Legislation /

Idaho Criminalizes Taking Minors Out of State for Abortions

'The ‘abortion trafficking’ provision in the bill seeks only to prevent unemancipated minor girls from being taken across state lines for an abortion without the knowledge... of her parents,' said Governor Brad Little

Adults in Idaho can now be criminally charged for transporting minors out of state in order to undergo an abortion.

Governor Brad Little signed House Bill 242 into law, making Idaho the first state to pass regulation regarding interstate travel for the purpose of abortion.

The crime, abortion trafficking, is a felony and is punishable by two to five years in prison. The policy was passed by the Senate 21-7 and by the House 58-11 on March 30.

“With the U.S. Supreme Court’s reversal of Roe v. Wade last summer, the right and duty to establish legal policy on abortion were finally returned to our state democratic process,” wrote Little in his April 5 transmittal letter

“Section 1 of House Bill 242 does not criminalize, preclude, or otherwise impair interstate travel, nor does it limit an adult woman from obtaining an abortion in another state,” the governor continued. “Rather, the ‘abortion trafficking’ provision in the bill seeks only to prevent unemancipated minor girls from being taken across state lines for an abortion without the knowledge and consent of her parents.”

HB 242 goes into effect in early May. 

Under current Idaho law, abortions are only permitted in the case of a medical emergency. 

In the weeks leading up to the bill’s passage, Republican legislators and anti-abortion activists both argued that the law was in the best interest of Idaho’s minors.

Representative Barbara Ehardt, who sponsored HB 242, said the measure is a parental rights bill and protects minors who fall unexpectedly pregnant. 

“It is something that, unfortunately, is happening, and I don’t think any of us want to see our minors not only trafficked but in this situation,” Ehardt told the House State Affairs Committee in February, per The Idaho Statesman. “We will make sure that we have top-notch legal authority to deal with this.”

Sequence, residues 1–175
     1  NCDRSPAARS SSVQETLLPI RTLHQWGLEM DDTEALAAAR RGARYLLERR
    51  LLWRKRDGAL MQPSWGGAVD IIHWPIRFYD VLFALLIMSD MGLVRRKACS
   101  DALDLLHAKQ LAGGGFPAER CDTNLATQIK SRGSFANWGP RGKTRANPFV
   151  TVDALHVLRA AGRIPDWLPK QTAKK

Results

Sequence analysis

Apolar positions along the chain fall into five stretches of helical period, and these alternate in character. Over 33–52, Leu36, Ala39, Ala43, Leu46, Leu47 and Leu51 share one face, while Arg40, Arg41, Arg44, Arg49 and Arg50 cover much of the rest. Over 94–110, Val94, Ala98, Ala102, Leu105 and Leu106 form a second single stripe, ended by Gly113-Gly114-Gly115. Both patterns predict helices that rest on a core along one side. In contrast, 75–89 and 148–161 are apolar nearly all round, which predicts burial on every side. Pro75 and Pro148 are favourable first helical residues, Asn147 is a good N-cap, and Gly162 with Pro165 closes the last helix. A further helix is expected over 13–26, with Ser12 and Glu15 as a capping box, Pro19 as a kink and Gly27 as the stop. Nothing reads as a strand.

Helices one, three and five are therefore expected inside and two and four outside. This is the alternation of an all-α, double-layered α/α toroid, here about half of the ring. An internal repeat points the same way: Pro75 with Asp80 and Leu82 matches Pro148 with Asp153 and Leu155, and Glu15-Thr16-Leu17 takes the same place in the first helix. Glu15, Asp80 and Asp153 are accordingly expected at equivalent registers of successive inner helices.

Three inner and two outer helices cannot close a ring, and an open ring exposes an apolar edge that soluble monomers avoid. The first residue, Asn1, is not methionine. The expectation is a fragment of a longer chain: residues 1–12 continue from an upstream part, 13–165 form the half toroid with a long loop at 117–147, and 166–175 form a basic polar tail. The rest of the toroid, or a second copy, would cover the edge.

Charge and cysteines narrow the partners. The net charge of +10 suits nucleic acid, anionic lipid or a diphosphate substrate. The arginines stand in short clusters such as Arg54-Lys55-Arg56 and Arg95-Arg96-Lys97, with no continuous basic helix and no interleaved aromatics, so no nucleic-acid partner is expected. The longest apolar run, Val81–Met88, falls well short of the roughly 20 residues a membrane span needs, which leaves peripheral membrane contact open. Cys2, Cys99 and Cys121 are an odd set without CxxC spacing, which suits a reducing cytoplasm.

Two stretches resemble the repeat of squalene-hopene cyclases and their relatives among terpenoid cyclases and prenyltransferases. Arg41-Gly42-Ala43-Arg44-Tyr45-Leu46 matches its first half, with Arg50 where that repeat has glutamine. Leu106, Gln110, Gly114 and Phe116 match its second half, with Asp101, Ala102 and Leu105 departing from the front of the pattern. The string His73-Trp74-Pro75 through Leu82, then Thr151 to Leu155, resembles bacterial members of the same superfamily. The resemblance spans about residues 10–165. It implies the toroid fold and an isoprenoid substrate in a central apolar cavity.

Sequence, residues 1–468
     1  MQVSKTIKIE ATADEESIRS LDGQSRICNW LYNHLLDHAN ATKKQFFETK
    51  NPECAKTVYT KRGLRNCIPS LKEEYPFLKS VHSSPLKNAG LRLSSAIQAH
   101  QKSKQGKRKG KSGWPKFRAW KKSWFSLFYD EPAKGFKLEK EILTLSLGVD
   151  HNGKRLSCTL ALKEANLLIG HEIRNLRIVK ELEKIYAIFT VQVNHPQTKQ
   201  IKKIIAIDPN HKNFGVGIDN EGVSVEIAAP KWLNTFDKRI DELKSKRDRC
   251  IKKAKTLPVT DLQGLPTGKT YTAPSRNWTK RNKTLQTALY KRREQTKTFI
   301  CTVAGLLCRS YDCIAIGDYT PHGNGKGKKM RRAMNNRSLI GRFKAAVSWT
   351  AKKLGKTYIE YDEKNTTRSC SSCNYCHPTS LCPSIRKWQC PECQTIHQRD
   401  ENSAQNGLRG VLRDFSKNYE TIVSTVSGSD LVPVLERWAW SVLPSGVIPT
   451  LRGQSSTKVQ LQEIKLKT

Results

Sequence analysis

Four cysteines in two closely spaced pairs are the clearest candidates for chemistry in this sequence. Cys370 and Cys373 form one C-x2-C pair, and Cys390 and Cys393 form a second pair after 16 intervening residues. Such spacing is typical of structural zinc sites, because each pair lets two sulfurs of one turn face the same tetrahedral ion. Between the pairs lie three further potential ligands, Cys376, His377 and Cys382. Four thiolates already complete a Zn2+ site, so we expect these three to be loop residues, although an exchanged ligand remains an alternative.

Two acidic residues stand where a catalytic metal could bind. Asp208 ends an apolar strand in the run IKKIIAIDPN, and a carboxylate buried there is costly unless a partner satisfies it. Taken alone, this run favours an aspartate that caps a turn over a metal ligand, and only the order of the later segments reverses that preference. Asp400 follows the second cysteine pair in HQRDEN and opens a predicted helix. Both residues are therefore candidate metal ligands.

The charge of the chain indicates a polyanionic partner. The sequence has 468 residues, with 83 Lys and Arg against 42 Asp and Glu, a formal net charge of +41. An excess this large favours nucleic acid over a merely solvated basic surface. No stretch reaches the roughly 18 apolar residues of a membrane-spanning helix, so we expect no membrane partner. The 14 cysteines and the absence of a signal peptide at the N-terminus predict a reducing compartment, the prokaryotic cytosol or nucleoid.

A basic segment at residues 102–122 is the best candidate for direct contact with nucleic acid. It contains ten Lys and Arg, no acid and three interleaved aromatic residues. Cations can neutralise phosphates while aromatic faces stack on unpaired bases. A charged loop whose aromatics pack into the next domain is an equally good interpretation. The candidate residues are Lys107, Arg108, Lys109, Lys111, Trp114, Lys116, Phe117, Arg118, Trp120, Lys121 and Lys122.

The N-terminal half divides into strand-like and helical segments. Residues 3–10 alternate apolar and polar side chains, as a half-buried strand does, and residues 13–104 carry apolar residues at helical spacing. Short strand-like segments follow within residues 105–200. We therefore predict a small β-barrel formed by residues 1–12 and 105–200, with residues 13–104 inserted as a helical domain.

Megan Wold, a lobbyist for Right to Life Idaho, told the Committee that girls who are impregnated by adult men are at risk of being taken out of state to undergo abortion in order to conceal abuse. 

“This is a real problem and adults who engage in this type of behavior deserve to be criminally punished,” Wold said, per KTVB 7.

“HB 242 protects parents’ rights to be involved in their minor daughter’s decision,” Carol Tobias, president of National Right to Life, told Life News. “No minor daughter should be without her parents’ guidance and HB 242 would protect the right of parents.”

Planned Parenthood Alliance Advocates-West said Little disregarded “the will of constituents pleading with him not to sign this legislation” when he elected to sign HB 242 into law. The organization argued that “while most young people do include their parents in the decision to get an abortion, some are in dangerous, abusive situations in which disclosing pregnancy status could put them in further harm.”

Banning abortion wasn’t enough for these anti-abortion zealots. They will stop at nothing to control what we do and where we go — even if it means holding people hostage when trying to access essential health services,” said Alexis McGill Johnson, the president and CEO of Planned Parenthood, in a statement. “Young people seeking abortion deserve our compassion and support, not the extreme government overreach this law sanctions.”

Lawmakers in other states have proposed penalties for assisting with interstate travel for the purpose of obtaining an abortion. The Missouri House ultimately blocked a provision in a 2021 abortion bill that would have made it illegal to help a state resident get an abortion out of state. 

Oklahoma and Texas have previously permitted lawsuits against people who help facilitate an abortion within the states’ borders but did not criminalize assisting with an out-of-state abortion,  reports NBC News

Other states, such as Washington and Oregon, have considered legislative steps to prevent courts and law enforcement officers from enforcing arrest warrants or subpoenas served in connection to an abortion performed on a non-resident.

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